With the retail distribution review (RDR) just around the corner, it is a worrying sign that a substantial number of advisers still have not settled on their business proposition for the world of 2013 and beyond.
The Personal Finance Society’s (PFS) annual survey of members has revealed some disconcerting results about RDR preparations. The most surprising is one is that 9% of members have not decided whether they will operate as restricted or independent after the RDR.
The survey was conducted in September, and while the figure may have come down since then, the results still highlight a level of uncertainty that is worrying at such a late stage in the day.
But who can blame them? The Financial Services Authority (FSA) has hardly covered itself in glory in its pronouncements defining independence. Of all the aspects of the RDR, this definition has been arguably the least well articulated. After its initial iterations of the requirements sparked fears that many would fail to meet them, the FSA has been back-pedalling, repeatedly downplaying the shake-up it would provoke. Vested interests have contributed to the problem by exploiting the ambiguities of the definition. Given this, confusion is unsurprising.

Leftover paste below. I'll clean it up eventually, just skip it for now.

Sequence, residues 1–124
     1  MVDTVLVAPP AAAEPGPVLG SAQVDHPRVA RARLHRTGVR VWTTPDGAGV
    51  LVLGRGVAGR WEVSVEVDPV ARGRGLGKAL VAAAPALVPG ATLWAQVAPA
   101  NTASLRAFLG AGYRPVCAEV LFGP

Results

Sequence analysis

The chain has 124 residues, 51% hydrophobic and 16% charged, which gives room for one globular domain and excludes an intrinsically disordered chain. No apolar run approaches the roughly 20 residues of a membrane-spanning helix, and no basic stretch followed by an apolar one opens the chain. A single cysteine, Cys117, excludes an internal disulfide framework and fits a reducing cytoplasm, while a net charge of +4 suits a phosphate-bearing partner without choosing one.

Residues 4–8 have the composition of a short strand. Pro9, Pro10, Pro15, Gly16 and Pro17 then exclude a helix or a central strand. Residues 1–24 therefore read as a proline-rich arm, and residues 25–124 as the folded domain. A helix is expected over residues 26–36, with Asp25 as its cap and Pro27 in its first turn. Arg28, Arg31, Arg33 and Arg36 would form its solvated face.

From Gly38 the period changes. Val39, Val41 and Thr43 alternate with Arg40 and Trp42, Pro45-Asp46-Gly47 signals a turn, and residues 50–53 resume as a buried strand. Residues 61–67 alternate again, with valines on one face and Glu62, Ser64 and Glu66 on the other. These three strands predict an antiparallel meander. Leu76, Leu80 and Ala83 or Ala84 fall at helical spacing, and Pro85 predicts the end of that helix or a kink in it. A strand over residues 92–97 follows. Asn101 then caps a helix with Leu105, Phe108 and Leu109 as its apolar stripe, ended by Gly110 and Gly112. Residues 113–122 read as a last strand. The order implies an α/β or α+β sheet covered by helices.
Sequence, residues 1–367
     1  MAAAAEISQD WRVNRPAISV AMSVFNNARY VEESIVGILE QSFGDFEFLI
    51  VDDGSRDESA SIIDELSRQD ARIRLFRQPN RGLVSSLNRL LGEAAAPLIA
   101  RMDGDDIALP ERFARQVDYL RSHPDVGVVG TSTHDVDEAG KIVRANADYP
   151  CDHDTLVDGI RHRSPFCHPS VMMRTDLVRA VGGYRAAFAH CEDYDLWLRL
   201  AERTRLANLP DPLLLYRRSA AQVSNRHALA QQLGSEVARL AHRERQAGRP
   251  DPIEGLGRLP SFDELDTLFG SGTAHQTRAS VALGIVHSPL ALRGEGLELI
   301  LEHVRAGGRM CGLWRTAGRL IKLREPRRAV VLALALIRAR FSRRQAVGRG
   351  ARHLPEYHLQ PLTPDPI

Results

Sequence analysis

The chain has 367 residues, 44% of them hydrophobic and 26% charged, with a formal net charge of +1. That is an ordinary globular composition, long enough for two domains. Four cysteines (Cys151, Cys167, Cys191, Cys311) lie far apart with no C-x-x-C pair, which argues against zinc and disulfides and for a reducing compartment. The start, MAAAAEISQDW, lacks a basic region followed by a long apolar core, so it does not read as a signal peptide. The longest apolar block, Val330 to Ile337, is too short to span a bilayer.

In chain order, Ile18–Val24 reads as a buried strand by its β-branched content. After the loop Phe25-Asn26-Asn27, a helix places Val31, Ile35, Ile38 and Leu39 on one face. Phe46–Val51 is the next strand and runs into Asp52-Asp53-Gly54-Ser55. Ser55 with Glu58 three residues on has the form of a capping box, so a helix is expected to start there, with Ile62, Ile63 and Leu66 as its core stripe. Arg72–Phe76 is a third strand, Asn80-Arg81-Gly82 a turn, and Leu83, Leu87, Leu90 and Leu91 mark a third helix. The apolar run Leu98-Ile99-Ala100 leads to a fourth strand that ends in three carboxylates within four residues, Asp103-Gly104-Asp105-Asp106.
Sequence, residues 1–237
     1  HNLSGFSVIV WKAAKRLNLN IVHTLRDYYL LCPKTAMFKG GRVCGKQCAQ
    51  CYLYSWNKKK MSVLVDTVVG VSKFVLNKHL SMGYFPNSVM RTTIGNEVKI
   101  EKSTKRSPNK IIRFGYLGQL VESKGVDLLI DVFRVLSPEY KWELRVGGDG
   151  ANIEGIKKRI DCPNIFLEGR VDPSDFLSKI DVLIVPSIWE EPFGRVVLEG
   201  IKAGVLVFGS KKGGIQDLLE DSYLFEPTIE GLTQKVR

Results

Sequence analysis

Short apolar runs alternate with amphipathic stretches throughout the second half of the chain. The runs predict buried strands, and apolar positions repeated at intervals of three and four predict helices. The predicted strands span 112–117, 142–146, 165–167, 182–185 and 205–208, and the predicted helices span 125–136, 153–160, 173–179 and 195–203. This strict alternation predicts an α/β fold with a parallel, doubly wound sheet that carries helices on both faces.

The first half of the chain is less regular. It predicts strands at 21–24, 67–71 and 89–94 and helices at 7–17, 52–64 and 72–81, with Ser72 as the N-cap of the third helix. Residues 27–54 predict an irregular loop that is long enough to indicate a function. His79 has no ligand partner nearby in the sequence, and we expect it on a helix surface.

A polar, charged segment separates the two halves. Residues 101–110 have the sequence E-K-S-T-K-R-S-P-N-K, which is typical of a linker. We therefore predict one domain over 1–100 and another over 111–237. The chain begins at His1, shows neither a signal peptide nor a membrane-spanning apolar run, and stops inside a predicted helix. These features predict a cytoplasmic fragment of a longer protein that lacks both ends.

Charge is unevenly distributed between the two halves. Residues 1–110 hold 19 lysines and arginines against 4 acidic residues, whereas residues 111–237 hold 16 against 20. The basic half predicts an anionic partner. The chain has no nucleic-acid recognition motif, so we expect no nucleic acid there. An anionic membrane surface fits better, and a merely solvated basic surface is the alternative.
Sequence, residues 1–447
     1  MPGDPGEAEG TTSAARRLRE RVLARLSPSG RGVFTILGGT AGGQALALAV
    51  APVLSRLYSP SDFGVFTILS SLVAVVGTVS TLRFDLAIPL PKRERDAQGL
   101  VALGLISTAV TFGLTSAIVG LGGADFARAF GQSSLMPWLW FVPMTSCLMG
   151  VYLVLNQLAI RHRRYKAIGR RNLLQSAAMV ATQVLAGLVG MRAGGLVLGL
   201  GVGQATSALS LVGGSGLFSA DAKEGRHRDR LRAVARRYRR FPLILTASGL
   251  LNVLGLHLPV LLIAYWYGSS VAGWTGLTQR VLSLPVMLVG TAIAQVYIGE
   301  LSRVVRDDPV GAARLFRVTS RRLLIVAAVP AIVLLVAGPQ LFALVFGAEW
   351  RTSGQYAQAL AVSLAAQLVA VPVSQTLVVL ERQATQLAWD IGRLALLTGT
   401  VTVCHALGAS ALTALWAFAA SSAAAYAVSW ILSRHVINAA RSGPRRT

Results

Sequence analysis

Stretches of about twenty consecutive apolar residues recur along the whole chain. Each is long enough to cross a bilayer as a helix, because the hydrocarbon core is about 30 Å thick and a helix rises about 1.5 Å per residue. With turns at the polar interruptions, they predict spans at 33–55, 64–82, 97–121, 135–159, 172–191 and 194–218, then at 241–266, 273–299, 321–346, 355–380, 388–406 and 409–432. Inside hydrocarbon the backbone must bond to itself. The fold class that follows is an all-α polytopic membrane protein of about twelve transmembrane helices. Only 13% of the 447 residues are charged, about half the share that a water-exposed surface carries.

And the Solicitors Regulation Authority hasn’t helped, by leaving its crucial decision on whether to jettison its commitment to referrals to independent advisers to the last minute. Or, to be more precise, to just 33 days before the RDR comes into force.
The decision over independence is not an insignificant one for adviser businesses. It would have been helpful if those asking the question had taken more care in phrasing it.